Volatility Term Structure of the DAX Index

Volatility term structure is believed to be a common phenomenon across asset classes. In equity indices, it’s well-known that implied volatility (IV) is generally greater than realized volatility (RV) (i.e. there exists a so-called volatility risk premium), and out-of-the-money (OTM) IV is greater than at-the-money (ATM) IV (i.e. there exists a so-called volatility skew). The existence of the volatility risk premium makes developing long volatility strategies a very difficult, if not impossible, task. Similarly, volatility skew makes tail risk hedging expensive.

Many studies have been carried out on the US equity indices. Little research has been devoted to international equity indices. Among few studies, Reference [1] examines the volatility structure of the DAX index. Specifically, it investigates PnLs of delta-hedged short options trading strategies. One of the simulated strategies is as follows,

Delta-neutral hedge without transaction costs. Hedge-volatility equal to the implied volatility of an option. Options are sold at bid/ask midpoint and DAX-index is traded at the closing price of DAX 30.

Table 19 of Reference [1] summarizes the PnL of the above strategy. From the results, we observe that,

  • For Deep OTM options, their PnLs are consistent with ours,
  • For OTM put options, 1-Month delta-hedged short options show negative PnL; this means that we would be able to design a cheap tail hedge,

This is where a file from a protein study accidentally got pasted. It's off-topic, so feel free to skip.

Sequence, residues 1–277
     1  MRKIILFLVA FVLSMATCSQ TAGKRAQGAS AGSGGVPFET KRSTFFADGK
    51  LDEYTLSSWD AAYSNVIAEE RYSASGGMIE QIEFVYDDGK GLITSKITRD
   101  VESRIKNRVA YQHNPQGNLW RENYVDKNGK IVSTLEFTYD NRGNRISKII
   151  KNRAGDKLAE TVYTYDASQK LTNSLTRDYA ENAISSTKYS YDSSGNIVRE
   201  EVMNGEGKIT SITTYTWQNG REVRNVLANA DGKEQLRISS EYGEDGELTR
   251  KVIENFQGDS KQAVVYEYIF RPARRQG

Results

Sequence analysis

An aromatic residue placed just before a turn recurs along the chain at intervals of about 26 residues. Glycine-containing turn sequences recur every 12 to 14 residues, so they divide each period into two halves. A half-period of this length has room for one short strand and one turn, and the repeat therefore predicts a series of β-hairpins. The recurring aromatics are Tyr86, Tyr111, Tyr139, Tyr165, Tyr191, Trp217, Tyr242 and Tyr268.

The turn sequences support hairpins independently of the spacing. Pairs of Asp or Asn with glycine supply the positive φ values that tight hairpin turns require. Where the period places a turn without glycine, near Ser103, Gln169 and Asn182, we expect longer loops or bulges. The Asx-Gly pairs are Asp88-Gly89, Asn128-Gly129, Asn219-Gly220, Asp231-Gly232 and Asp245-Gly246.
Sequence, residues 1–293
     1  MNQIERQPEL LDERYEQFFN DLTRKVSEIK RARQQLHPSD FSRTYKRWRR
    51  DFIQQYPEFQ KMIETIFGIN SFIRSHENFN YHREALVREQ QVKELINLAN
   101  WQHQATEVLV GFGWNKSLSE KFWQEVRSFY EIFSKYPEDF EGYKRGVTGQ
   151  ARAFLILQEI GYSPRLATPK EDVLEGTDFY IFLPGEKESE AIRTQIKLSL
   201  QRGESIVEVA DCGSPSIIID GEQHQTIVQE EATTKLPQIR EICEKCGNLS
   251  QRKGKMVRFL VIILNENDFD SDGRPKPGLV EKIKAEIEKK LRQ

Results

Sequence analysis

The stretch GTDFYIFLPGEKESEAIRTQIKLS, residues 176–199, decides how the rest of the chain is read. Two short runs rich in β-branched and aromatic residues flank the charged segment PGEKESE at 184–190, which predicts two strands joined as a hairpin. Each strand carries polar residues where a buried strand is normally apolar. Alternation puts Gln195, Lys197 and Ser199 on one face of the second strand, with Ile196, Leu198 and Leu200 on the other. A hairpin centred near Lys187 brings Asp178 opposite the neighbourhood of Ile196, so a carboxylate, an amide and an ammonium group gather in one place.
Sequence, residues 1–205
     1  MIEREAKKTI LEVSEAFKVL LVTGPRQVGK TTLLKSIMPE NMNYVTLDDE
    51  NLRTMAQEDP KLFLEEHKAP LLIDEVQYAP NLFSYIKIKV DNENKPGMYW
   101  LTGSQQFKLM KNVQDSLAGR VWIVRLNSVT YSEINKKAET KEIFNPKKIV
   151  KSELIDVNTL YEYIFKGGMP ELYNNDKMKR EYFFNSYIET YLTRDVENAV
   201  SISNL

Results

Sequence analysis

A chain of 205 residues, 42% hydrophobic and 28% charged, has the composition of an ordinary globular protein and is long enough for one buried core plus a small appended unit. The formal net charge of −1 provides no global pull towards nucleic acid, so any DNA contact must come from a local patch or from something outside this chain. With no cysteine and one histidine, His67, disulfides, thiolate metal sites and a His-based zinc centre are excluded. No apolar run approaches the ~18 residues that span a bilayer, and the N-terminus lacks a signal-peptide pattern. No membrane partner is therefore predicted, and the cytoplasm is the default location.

• Results for ATM options are even more surprising. Except for 3-Month put options, all other ATM options yielded negative PnL. This means that we would be able to design long-volatility trading strategies that have positive expectancies [2].

In short, the results are quite surprising. This may be due to the followings,

  • DAX volatility term structure is different from SP500’s,
  • The period covered by data used in the study was not long enough. The options data covers only the 2018-2019 period.

We believe that #2 is likely the cause. It’s well-known that after the crash of February 2018, US equity indices’ RVs exceeded IVs, thus making short volatility trading strategies such as butterflies unprofitable. To make any conclusion regarding #1, more data should be used.

References

[1] J. Juvakka, Profit potential of DAX index option trading based on implied volatility surfaces, LUT School of Business and Management, 2020.

[2] Transaction costs are not accounted for.

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